Characteristics and Performance of Real Estate Brokers and Salesmen in the Hawaiian Islands

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[Excerpt] Since 1968, there has been a rapid growth rate in the number of real estate licensees. The total active licensees (brokers and salesmen) has increased 187% from June 309 1968 (3,267 licensees) to January 21, 1977 (9,392 licensees) for an annual growth rate of 22% while the civilian labor force increased by 3% a year. The greater portion of this growth has come from the number of new salesmen entering the business rather than from existing salesmen obtaining a broker's license (27% annual salesmen growth compared to 14% for brokers). In 1968, for every active broker, there were 2 active salesmen. By 1977, this discrepancy has widened to 3 active salesmen. However, for all this dynamic development, very little is known about the Hawaiian real estate industry and its licensees, particularly the nature of licensees activities and the degree to which they are qualified to engage in real estate practice. Yet legislation concerning licensee qualifications has been continually expanding. In part, it has tried to protect the consumer while providing a direction where the real estate industry should be going. For all this increasing legislation, very few have pondered the question Quo vadis. Where is it going now…what is the current nature of the industry and the licensees? The following report attempts to provide a portion of this information that has isolated Hawaii's real estate practice from systematic description. However, the report should be looked upon as only a starting point. Further research is needed to validate subsequent decision making for the consumer - the ultimate basis for legislative power - has not been surveyed to measure the effectiveness of current legislation. The present report has been divided into two sections. The first section, which is based on a questionnaire survey, (see Appendix A, D) presents a statistical picture of licensees in the industry. Information is provided concerning such factors as the proportion of licensees who are actually active in the business, the type of work they do, and their backgrounds and experience in the real estate field. Summary tables and graphs have been included in this section to augment the presentation. The second part of the report contains policy suggestions for government agencies responsible for regulation. To facilitate easier readability, a large portion of the report is presented in a topical outline format.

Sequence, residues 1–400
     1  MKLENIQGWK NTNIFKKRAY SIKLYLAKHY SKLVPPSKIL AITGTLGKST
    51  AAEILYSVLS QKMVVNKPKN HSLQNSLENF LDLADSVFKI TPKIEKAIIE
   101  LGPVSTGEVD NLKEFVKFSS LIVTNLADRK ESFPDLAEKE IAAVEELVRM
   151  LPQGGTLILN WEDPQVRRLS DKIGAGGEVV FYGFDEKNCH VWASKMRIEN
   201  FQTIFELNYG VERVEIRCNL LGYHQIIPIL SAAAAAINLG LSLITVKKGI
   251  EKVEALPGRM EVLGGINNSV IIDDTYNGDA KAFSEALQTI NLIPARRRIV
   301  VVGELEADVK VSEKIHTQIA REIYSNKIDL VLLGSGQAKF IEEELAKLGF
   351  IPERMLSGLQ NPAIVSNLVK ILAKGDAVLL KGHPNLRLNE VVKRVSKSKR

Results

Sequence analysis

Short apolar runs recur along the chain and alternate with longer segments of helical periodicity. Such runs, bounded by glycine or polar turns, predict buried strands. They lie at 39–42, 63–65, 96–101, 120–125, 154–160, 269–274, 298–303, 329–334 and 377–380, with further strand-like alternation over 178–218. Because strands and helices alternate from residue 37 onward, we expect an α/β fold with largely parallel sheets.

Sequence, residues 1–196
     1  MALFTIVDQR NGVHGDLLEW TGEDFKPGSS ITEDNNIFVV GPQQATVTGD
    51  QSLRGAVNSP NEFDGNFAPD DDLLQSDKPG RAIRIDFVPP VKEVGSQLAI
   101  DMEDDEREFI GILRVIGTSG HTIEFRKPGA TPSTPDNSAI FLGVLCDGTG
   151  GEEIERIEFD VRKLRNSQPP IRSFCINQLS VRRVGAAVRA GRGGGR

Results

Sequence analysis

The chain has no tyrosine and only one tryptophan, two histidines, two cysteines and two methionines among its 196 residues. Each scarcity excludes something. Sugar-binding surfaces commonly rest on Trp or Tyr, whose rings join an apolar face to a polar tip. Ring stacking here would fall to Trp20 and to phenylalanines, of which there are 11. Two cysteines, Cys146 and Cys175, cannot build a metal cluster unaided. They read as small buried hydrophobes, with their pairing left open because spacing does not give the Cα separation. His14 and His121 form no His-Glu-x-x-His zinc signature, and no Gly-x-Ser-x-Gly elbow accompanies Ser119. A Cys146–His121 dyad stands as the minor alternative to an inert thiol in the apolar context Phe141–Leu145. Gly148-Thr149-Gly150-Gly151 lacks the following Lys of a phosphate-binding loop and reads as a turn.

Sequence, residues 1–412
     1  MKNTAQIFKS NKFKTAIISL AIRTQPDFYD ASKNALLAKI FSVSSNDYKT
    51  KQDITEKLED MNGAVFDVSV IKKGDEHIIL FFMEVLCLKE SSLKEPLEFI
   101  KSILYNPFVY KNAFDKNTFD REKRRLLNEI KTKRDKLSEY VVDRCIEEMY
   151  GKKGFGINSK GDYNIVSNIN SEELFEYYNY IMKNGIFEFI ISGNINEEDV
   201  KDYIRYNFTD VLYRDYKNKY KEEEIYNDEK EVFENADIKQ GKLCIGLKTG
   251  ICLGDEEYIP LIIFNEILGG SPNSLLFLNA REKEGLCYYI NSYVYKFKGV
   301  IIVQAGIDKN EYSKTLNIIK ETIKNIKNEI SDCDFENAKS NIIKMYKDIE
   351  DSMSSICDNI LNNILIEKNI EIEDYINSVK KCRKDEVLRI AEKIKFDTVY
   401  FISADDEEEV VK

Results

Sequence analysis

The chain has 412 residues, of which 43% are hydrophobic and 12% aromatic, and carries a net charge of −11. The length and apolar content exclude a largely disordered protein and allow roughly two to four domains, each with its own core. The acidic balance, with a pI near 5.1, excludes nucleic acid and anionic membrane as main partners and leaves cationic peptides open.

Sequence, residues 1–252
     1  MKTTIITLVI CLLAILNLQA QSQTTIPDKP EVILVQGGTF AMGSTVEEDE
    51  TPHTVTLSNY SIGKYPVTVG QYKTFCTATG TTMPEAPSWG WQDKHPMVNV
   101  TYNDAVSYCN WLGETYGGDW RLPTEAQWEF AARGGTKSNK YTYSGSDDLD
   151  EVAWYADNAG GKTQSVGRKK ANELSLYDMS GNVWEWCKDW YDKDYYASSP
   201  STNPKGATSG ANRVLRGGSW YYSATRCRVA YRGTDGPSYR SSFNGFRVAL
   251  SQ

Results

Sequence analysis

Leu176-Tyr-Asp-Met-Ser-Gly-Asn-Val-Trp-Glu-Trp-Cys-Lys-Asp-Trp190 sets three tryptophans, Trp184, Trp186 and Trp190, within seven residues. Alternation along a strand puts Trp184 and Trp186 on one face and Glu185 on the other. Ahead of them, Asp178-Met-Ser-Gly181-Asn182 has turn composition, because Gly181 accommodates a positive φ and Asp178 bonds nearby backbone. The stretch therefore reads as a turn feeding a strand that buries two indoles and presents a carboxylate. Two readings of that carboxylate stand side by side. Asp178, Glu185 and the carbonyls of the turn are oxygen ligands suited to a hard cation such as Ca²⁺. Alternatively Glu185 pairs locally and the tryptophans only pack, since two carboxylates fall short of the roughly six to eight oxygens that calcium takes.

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real estate; Hawaii; brokers; salesmen; licensees


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